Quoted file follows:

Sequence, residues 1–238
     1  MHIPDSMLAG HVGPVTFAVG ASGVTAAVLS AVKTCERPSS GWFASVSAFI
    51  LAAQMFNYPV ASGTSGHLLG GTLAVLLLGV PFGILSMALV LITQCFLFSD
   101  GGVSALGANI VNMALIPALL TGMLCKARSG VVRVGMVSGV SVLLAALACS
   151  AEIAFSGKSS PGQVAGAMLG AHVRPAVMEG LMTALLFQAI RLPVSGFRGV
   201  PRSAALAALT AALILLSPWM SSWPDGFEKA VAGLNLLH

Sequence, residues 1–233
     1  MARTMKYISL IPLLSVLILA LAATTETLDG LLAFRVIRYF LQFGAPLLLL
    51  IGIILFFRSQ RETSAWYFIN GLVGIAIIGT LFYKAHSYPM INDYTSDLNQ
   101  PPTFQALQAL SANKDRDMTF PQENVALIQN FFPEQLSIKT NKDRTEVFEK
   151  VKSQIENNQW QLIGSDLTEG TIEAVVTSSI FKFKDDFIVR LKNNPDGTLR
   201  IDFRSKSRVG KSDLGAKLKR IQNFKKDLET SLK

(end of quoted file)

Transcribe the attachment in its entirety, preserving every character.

Sequence, residues 1–238
     1  MHIPDSMLAG HVGPVTFAVG ASGVTAAVLS AVKTCERPSS GWFASVSAFI
    51  LAAQMFNYPV ASGTSGHLLG GTLAVLLLGV PFGILSMALV LITQCFLFSD
   101  GGVSALGANI VNMALIPALL TGMLCKARSG VVRVGMVSGV SVLLAALACS
   151  AEIAFSGKSS PGQVAGAMLG AHVRPAVMEG LMTALLFQAI RLPVSGFRGV
   201  PRSAALAALT AALILLSPWM SSWPDGFEKA VAGLNLLH

Sequence, residues 1–233
     1  MARTMKYISL IPLLSVLILA LAATTETLDG LLAFRVIRYF LQFGAPLLLL
    51  IGIILFFRSQ RETSAWYFIN GLVGIAIIGT LFYKAHSYPM INDYTSDLNQ
   101  PPTFQALQAL SANKDRDMTF PQENVALIQN FFPEQLSIKT NKDRTEVFEK
   151  VKSQIENNQW QLIGSDLTEG TIEAVVTSSI FKFKDDFIVR LKNNPDGTLR
   201  IDFRSKSRVG KSDLGAKLKR IQNFKKDLET SLK